Commentary

Mark J. Riedy

Riedy is executive director emeritus of the Burnham-Moores Center for Real Estate at the University of San Diego.

Commentary

For the first 17 years of my life I lived in Naperville, Ill., a town so small —about 5,000 people in the late 1940’s — that our two-party home telephone number was 14. Answering an on-line security question today about your first phone number simply does not compute when the entire number is 14!

Historically, America’s residential housing start and building permit data were reliable indicators of future economic activity at the national level. The pace of housing production had a major impact on the overall economy because the value of new construction and the incomes generated by that industry were large relative to the overall economy.

Creating a Family Business Council is the best idea I have had since retiring Jan. 15 from USD’s Burnham-Moores Center for Real Estate. I recommend the concept highly for senior business executives and retirees with adult children.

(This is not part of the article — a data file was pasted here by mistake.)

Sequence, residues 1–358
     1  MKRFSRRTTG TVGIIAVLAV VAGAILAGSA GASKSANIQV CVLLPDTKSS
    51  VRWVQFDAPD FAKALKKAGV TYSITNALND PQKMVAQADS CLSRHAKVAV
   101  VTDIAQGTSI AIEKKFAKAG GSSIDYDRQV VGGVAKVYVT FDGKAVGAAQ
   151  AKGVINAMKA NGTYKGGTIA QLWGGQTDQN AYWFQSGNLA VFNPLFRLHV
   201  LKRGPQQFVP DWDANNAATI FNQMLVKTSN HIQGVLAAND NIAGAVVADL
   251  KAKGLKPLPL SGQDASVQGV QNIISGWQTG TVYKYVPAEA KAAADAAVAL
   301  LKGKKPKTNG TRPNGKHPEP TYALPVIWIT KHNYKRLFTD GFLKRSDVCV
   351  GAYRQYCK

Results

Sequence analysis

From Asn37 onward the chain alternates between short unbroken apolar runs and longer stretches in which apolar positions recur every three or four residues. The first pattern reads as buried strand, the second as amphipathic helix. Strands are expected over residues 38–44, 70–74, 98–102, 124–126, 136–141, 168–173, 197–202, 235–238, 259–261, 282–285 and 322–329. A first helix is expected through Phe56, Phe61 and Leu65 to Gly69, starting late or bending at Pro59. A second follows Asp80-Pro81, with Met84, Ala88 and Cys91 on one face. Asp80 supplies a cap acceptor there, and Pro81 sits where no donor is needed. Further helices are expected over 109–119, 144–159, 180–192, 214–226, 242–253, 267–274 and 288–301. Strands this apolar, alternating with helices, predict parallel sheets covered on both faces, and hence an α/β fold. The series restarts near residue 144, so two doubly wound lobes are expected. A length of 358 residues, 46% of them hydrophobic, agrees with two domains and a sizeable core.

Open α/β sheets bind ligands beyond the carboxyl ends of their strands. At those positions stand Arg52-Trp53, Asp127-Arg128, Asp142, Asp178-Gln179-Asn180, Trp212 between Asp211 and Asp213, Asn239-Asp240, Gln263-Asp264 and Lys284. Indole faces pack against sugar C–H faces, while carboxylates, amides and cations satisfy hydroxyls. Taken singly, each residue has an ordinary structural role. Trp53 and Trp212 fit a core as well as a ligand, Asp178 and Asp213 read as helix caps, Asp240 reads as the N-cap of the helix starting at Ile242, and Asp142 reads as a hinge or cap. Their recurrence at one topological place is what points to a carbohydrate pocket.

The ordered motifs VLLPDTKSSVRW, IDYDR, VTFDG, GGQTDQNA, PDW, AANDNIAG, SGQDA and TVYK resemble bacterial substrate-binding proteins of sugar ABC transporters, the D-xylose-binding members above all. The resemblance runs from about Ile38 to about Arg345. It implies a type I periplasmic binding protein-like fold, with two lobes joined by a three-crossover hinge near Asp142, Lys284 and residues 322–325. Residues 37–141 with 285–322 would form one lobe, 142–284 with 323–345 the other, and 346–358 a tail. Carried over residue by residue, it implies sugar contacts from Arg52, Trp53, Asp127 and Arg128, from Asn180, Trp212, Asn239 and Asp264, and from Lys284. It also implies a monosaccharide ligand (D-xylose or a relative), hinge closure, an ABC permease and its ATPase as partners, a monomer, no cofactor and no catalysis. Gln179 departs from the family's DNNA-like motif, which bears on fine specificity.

I would like to live in an idealized community where all parties come together to evaluate important public issues against a commonly accepted set of overarching goals and priorities. Instead, I live in San Diego. I would not trade living here for anywhere else in the world, but there is a price to pay for the privilege.

Instincts tell me that despite recent Federal Reserve "jawboning," a significant shift toward monetary policy restraint will not be justified by inflation or economic prospects before mid-2016. Further, a major move toward higher interest rates will not be implemented until after the November 2016 elections.

Imagine flying into Lindbergh Field at night and seeing out the left-side windows all the major high-rises with rooftop spotlights shining on large American flags waving their welcome to visitors and returning San Diegans. On the right, the building housing the iconic Bertrand at Mr. A’s proudly displays an equally impressive flag properly lit up in the night sky.

I read an article recently about the University of San Diego’s highly successful men’s tennis team. Speaking about the need to keep his charges focused, team coach Brett Masi was quoted as saying, “I stay on them. As hard as it is to win, it’s a lot easier to lose if you have the wrong mentality.”

Keeping the Chargers in San Diego is a worthy goal and one of today’s hottest topics. The Chargers are not being unreasonable to want a new home in San Diego.

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